We talk a lot about the need for email archiving with clients, but for those just looking into these tools, we often get questions about the regulations behind the technology; the Freedom of Information Act. Understanding the Freedom of Information Act (FOIA) and how it affects businesses at all levels is not easy. Public and private organizations are impacted differently but below are the basic principles of the law.
Understanding the FOIA starts with realizing that the Act was originally signed into law by Lyndon B. Johnson on July 4, 1966. This Act gives a person the right to request access to Federal records so long as those records are not protected from release by one of nine the FOIA exemptions. The institution to whom the request has been made must then provide the information requested within 20 working days.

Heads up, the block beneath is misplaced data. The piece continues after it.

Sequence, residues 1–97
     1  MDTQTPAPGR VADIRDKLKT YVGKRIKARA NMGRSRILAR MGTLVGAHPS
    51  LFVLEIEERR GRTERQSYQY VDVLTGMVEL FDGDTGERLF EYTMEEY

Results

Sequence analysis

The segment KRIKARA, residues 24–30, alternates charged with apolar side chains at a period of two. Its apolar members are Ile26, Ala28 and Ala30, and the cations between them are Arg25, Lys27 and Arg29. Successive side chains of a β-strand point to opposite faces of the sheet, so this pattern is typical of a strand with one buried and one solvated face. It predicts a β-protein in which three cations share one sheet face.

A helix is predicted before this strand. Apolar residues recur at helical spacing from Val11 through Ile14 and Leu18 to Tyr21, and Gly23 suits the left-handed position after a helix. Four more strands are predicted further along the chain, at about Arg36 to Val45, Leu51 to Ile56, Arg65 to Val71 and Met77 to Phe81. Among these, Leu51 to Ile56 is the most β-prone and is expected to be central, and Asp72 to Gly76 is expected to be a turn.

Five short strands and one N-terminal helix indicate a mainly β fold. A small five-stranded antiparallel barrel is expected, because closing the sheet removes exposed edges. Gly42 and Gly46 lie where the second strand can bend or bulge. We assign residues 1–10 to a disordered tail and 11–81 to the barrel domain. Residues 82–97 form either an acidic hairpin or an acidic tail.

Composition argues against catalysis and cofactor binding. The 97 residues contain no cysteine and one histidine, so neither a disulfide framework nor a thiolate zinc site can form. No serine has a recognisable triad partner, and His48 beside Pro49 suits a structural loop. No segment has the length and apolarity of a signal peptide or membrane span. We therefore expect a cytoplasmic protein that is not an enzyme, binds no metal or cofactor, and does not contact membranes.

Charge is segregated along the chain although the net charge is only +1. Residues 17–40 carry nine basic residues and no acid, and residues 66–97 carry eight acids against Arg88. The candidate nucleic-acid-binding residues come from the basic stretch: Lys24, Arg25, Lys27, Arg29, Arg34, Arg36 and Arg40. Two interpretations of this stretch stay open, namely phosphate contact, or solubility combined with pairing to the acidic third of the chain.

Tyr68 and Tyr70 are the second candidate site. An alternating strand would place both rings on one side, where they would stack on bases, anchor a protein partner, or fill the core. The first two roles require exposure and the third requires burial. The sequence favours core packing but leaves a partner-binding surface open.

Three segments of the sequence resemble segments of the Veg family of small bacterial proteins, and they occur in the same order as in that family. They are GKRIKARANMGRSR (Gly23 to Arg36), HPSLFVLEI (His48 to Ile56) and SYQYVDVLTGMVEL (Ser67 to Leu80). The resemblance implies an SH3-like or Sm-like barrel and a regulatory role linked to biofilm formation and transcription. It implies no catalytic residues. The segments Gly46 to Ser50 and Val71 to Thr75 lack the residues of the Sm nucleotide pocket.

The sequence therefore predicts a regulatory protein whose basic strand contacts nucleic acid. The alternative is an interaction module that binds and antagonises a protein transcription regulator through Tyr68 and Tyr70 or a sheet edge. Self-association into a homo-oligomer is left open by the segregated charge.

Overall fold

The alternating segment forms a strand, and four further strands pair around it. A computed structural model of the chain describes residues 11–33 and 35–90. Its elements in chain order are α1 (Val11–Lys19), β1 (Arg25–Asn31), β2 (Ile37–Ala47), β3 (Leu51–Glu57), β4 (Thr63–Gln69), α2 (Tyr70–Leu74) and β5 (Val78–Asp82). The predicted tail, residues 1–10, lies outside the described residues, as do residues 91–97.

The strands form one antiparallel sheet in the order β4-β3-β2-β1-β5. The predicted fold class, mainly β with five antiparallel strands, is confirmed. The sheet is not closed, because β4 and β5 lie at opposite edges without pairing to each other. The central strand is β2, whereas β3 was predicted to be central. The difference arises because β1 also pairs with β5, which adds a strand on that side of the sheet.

At the time, email wasn’t even a consideration, but because the law covers most forms of communications and hasn’t been significantly changed over the past half century, email falls under its purview. At the State level, laws of a similar nature have been adopted which are often referred to as “Sunshine” laws.
Ultimately, the goal of these laws is to make the government more transparent to the people being governed. With the proliferation of digital communications compounding the volume of communications, this has become increasingly more complex. Email in particular presents a huge challenge because people are quick to write and send messages without thinking; and entire conversations can span dozens if not hundreds of separate emails over long periods of time.
When first enacted, our representatives never imagined the volume of data necessary. Our job now is being able to find and deliver all of this information within the 20 day window; and that’s where email archiving solutions play an important role in complying with the Freedom of Information Act (FOIA).